Your Mastermind Group is CRAP!

by Dana Detrick-Clark

Your Mastermind Group is CRAP!
A mastermind group can be a great tool for personal and professional growth. By creating a circle of influence for yourself with inspirational, intelligent peers and mentors, you are held to higher accountability, given deeper opportunities for learning, and encouraged to be a better business person than you could be on your own.


But not every mastermind group is created equally. My own experiences have presented a mixed bag of great moments of clarity and rejuvenation, to outright resistance and frustration.

The truth is that a great mastermind group doesn’t just happen; it is deliberately built by the members that want to get the most out of it.

Leave it to chance, and you risk wasting everyone’s time and resources.

Here are five ways you can ensure your mastermind group is a kick ass machine that enriches your business and your life:

1. Have the right attitude.

Are you open to constructive criticism? Can you deal with conflicting views or suggestions?

If you just want a group of “yes” men (or women) around you, it’s easy enough to build a team who either don’t have the experience you do (so they won’t argue what they don’t know), don’t have the confidence that you do (so they won’t speak up, even if they do disagree), or don’t care!

But a quality mastermind group will be filled with confident, insightful people, many of whom will have more (or at least differing) experience than you do, and can give you valuable input that will make you see things from another perspective.

If you aren’t ready to receive that, then masterminding may not be for you.

2. Have clarity about what you want from this mastermind group.

Are you seeking support because you’re a solopreneur who doesn’t network in any other way? Do you need accountability to stay on a course of action, or are you seeking specialized knowledge that you know your group contains?

Knowing what you’re really after in a group will help you build it (or join one) with the right set of peers.

Get stuck in a group with the wrong set of peers, and you’ll experience guilt, annoyance, and an overriding obligation to try to “make it work” without any real hope that it will. And you’re not just wasting their time, but you’re filling a seat where someone who is a fit could be sitting.

You owe it to yourself and the group to get this one right.

3. Give as much as you get.

It may seem intimidating, especially if the members of your group are powerhouse talents. But your point of view is valuable, or you wouldn’t be there! Be ready to speak up, strongly, if you see a member needs guidance, if you feel in your gut that there’s another side to whatever issue they are dealing with that they’re not considering, or if you feel the group is going off track.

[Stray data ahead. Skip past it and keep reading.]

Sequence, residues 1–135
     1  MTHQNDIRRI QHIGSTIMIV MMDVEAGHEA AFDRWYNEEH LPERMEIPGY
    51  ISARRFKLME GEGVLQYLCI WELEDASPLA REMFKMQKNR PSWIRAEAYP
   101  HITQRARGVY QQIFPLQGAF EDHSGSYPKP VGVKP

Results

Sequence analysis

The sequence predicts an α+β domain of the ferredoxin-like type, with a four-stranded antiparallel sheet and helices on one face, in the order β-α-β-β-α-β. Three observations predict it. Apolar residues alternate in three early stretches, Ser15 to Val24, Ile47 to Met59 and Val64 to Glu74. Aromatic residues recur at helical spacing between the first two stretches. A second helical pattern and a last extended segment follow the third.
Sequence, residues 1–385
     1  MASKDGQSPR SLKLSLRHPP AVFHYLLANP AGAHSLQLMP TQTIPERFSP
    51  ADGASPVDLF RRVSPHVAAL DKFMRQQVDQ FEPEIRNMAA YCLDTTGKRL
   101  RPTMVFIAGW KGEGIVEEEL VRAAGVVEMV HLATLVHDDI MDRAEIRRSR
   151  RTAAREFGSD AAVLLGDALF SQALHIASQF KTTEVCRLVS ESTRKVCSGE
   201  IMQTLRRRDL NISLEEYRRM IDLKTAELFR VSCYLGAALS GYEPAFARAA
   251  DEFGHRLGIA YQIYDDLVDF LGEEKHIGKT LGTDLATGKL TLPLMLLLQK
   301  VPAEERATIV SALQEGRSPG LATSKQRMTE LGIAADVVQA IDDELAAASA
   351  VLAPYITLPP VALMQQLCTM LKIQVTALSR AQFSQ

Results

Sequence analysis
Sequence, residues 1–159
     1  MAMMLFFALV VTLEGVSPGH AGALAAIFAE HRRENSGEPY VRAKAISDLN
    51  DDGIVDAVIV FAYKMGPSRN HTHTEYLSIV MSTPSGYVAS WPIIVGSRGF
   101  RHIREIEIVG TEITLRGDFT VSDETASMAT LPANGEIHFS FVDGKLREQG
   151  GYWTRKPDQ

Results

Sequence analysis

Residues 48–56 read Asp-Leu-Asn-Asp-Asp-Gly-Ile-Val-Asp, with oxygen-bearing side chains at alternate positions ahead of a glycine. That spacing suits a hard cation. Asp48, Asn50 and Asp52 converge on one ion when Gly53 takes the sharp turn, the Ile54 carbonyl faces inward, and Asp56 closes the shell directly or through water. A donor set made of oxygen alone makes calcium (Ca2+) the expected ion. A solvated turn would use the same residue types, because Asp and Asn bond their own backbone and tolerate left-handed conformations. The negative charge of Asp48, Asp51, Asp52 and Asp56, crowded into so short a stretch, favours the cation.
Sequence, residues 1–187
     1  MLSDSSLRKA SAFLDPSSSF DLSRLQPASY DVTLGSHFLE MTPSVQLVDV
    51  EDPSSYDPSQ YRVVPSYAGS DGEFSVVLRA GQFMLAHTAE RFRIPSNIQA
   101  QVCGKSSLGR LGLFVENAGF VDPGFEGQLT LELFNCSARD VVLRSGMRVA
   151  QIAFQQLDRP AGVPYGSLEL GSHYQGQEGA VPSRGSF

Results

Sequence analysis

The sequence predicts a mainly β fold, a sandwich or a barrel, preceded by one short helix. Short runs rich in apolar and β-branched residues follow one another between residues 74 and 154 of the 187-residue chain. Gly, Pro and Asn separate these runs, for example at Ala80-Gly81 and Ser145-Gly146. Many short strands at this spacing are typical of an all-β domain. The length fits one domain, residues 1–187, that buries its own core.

It’s not that you have to be a mean person. But more often than not, I’ve had good groups go bad, or, at least never reach their potential, because no one wanted to hurt anyone’s feelings, or step on anyone’s toes.

Many times people will just go with the flow because it is comfortable. But then, what purpose is the group serving?

There is a time and place for validating members; that is often part of a good support structure. But if you find yourself hiding behind it, not willing to give someone else true accountability or access to your own specialized knowledge, then you are lowering the integrity of the group.

Give of yourself. It is the best form of gratitude for what the other members are giving to you.

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4. Commit your mastermind mission to paper.

This is where the entire group gains clarity of vision, and gains the structure by which they’ll keep everyone on task.

That doesn’t mean it has to be rigid or cold. I personally love a mission statement that is friendly and fun (which is the one thing all of my groups, even the less effective ones, had in common).

It should also be fluid. An update every six months to a year as membership changes, or business conditions change can be a great thing, allowing the group to re-center or start fresh, if goals or milestones have been met.

5. Do the work!

Members will stop taking you seriously if you waste their time and advice by nodding along with their input during the meeting, then not putting any of it into motion. It makes it seem like you’re either just agreeing with their ideas out of laziness, or not taking action out of laziness!

Truly this is the biggest value of the mastermind group:  when you can see the collective know-how make a definite difference in your own organization. That is when you know you’re with the right group of people that resonate with your personal and professional goals, that will hold you to task, and that will fire you up.

You have the power to create that, and shouldn’t settle for less!

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Dana Detrick-Clark has made it her mission to help creatives and small businesses like you broaden their reach in less time and with less effort. How does she do that? By providing premium content, creative consulting, and marketing confidence. Contact her today at

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